Flipboard could gently challenge your intellectual comfort zone

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By now, you've probably heard about the prominent but troubled launch of an iPad app called Flipboard.

Beautifully and simply designed, Flipboard presents the photos, news, blog posts and updates your social media contacts on Twitter and Facebook are sharing – along with a curated selection of updates from a number of sources such as GOOD and GigaOM.

Immediately bathed in glowing reviews from the likes of Robert Scoble and many others, Flipboard was the must-have app last week. And as soon as it was available, Flipboard's servers were flooded with requests to connect users' Twitter and Facebook accounts.

Flipboard couldn't keep up. Instead of the promised glossy-magazine-like experience, users received error messages. A chastened Flipboard CEO published an apology. An updated version of the app started taking names on a waiting list for Twitter and Facebook integration. And a number of people started muttering under their breath (or in their blogs) about Flipboard stumbling out of the gate.

Now, underestimating the demand on your servers and failing to have a contingency plan are both serious mistakes.

But I'm prepared to cut Flipboard a few kilometres of slack. Because I'm excited - really, genuinely excited - about the potential of what they're up to.

And it's not for the reasons you've probably heard, like the way Flipboard brings print-design beauty and elegance to online media (although may I just say "wow")... or the way it cuts through the noise of activity streams to bring you nothing but signal (I'm not sure how much I buy that second one, come to think of it).

What I really like about Flipboard is how it may push back gently across the boundaries of our comfort zones.

Remember what Nicholas Negroponte famously referred to as the "Daily Me"? It was the idea that consumers can now filter our news to just those things that truly interest us. The fear, of course, is that we end up restricting our information diet to those stories, facts and ideas that reinforce our beliefs, and filter out anything that could challenge our worldviews. (Well, I call it a fear. Fox News calls it a business model.)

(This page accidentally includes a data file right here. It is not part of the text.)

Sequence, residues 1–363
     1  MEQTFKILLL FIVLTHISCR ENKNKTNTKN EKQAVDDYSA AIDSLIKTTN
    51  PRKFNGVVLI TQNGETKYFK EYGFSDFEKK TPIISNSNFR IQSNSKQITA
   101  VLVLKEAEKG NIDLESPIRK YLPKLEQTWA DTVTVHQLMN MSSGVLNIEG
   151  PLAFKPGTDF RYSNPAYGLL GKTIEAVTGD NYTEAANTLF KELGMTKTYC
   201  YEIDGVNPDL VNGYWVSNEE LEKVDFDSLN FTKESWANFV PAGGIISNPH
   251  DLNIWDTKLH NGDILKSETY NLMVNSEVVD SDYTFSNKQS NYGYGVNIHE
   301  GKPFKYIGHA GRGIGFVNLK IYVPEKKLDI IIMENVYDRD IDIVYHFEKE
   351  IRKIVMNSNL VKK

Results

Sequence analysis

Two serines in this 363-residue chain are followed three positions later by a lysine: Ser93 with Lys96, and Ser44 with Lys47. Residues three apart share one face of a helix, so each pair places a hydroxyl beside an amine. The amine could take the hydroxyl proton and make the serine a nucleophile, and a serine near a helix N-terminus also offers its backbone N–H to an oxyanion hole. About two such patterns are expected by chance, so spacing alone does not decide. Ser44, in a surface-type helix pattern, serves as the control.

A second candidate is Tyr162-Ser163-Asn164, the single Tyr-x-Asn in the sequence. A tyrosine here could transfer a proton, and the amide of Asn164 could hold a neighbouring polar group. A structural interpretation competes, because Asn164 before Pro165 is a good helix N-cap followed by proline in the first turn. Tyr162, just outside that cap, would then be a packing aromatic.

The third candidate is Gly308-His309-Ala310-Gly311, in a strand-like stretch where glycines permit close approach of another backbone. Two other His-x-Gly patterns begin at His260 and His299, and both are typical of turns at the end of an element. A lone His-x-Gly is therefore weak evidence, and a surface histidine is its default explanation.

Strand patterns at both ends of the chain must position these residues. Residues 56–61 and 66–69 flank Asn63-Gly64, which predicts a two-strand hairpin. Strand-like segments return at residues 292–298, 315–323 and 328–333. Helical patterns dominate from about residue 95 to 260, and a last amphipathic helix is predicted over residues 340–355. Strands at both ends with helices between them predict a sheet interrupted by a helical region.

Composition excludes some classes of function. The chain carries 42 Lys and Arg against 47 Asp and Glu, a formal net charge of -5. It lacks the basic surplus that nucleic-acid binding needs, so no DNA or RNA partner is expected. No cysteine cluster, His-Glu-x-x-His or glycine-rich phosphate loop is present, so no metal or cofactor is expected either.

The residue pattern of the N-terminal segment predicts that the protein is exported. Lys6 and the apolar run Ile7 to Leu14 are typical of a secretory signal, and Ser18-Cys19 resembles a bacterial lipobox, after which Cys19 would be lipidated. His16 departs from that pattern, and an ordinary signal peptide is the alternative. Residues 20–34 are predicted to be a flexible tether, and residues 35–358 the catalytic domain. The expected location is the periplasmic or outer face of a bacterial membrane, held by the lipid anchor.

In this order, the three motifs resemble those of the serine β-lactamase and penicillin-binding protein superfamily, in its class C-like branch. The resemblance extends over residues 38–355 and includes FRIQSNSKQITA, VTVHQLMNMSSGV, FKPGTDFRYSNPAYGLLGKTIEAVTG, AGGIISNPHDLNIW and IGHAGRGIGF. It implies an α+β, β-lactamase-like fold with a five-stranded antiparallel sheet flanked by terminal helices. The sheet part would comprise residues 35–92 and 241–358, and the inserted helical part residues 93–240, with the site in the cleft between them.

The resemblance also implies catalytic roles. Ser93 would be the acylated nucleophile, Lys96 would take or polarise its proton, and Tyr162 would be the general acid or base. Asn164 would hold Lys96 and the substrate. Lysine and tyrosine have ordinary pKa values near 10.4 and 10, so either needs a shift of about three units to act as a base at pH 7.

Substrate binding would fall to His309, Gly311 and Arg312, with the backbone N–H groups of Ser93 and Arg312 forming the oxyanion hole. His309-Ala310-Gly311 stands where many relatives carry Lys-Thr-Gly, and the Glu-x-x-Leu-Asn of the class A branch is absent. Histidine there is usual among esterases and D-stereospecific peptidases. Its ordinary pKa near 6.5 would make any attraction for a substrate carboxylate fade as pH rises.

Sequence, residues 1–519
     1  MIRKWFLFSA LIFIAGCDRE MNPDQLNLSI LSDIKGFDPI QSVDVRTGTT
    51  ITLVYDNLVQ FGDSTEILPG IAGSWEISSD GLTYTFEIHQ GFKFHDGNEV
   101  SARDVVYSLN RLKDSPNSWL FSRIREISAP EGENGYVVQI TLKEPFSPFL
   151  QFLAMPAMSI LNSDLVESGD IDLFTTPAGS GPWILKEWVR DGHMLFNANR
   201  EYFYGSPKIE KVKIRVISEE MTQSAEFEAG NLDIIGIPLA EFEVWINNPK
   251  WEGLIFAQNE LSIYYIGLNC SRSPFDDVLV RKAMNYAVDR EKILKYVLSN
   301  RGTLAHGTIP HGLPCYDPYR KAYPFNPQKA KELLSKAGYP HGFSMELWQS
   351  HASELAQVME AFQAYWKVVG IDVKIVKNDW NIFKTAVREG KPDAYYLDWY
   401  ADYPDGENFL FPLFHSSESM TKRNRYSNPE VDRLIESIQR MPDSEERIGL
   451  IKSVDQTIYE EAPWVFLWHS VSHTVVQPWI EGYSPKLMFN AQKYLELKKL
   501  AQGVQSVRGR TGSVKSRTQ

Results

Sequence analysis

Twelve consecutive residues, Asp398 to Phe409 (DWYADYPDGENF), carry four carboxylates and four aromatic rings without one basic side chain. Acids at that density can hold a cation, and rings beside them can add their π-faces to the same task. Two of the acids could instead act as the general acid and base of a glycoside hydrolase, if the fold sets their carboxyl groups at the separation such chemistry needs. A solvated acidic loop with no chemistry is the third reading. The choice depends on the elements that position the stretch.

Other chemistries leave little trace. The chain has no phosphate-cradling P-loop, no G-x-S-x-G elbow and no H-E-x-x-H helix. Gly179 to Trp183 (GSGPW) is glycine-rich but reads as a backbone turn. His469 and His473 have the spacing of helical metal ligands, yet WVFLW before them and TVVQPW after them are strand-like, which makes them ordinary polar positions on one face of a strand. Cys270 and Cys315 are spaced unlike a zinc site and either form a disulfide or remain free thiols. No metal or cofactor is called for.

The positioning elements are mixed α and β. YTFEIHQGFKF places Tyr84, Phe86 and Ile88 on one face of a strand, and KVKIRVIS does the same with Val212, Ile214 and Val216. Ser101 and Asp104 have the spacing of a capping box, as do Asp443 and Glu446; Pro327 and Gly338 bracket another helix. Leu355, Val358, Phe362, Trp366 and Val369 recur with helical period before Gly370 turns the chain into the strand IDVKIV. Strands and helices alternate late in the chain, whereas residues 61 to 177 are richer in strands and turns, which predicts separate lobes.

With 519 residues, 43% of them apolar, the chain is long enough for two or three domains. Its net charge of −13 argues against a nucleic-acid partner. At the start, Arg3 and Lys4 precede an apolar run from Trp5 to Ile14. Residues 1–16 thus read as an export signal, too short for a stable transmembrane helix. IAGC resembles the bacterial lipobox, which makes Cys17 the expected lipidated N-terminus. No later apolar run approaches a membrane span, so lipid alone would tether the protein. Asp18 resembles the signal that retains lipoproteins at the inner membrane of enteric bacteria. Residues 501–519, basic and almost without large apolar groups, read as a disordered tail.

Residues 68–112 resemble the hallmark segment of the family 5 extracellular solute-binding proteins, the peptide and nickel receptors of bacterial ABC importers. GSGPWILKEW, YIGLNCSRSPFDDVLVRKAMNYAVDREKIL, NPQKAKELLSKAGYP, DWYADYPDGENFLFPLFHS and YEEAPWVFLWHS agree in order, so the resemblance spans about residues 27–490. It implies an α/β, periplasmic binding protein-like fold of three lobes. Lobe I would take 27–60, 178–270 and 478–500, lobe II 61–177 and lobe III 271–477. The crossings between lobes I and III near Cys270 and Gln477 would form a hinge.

Filtering doesn't have to happen because of an active aversion to certain topics, by the way. Often we just never think to look at the latest news on food security and urban chickens, or about how sleep patterns can affect mood, or what the military junta in Burma is up to. Either way, the filters that digital technology help us to erect can also keep us from the learning and growth that come from being challenged; they act as a barrier to serendipity.


One of the ways information can bypass those filters is when it's carried through our social networks. I might try to avoid hearing word of, say, human rights abuses in the manufacture of my favourite gadgets, in which case I'd probably avoid subscribing to news sources that are likely to carry that kind of thing.

But that news might still slip through because someone I've followed on Twitter because we've swapped cartooning tips does follow those news sources, and shares an article.

Chances are good, though, that I'm still not going to see it, because of the sheer volume of links being tweeted, liked and otherwise shared on any given day. Especially if all I see is a short headline and a shortened URL.

But show me an intriguing excerpt and an accompanying photo, and I might be drawn in despite my initial reservations (the fact that the article comes with my fellow cartoonist's recommendation doesn't hurt, either). And depending on Flipboard's algorithm for sharing links, that could be exactly what happens: the occasional something that broadens - or at least nudges - my horizons.

I won't know, of course, until my name rises to the top of my waiting list. But I'm willing to wait patiently.

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tdaonp says

August 31, 2010 - 7:18am

Will apps replace the web browser? Will it be the end of quality content on the web? A difficult question to answer I think.


- Henk

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